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NC Guard partners with NC Forest Service at DuPont State Recreational Forest

Cedar Mountain

 

In a forest so beautiful the movies "Last of the Mohicans" and "The Hunger Games" filmed there how do you build a road with professional expertise and minimal ecological impact? Why, you call out the Guard.

“We are very happy to have the Guard,” said Jason Guidry, DuPont State Recreational Forest supervisor.

North Carolina National Guard soldiers with North Carolina Forest Service partners transformed a tangle of roots and mud into a soon to be finished service road at DuPont State Recreational Forest, located in Cedar Mountain.

“The capabilities of the North Carolina National Guard sets the standard as an agency partner,” said Guidry.

The 875th Engineer Company, headquartered in North Wilkesboro, with a detachment in Lexington, brought bulldozers, backhoes and other heavy equipment and years of experience the mission this April. Leaders carefully supervised the construction. They planned the movement of some of the largest vehicles in the Guard while maintaining the smallest possible footprint in one of the most beautiful areas of North Carolina visited by more than 300,000 people per year.

“We wanted to stay inconspicuous and out of the public’s way,” said Army 1st Sgt. Timothy Ashley, a senior leader with the unit.

The 1,000-foot road snakes uphill through the thick forest. Soldiers carefully leveled and graded the ground preparing it for the hundreds of tons of gravel needed. Large drainage pipes were hauled into place and buried beneath the road to control erosion and prevent damaging runoff. Young soldiers drove eight-wheel drive diesel-powered Heavy Expanded Mobility Tactical Trucks carrying everything needed at a modern construction site along a dirt road just inches wider than the truck.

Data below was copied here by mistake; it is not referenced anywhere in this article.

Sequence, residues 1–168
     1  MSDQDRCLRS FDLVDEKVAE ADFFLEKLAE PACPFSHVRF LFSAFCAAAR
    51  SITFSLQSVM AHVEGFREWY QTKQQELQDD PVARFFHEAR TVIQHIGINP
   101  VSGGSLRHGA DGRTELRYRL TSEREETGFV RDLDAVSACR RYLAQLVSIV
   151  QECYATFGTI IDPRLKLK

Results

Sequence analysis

“The soldiers got a lot of hands on training and showed the public how we give back to the community,” said Army Sgt. Michael Roach, a horizontal construction sergeant with the unit.

When finished, the gravel road will improve parking for nearly 80,000 visitors per year, traffic flow and public safety providing a safer route for large vehicles away from the many visitors to the park for years to come.

“The improvements mean more and better parking, ease of movement and better safety so the public can enjoy these natural wonders,” said Ashley.

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Contact: Sgt. Fst. Class Robert Jordon
Phone: (919) 664-6242

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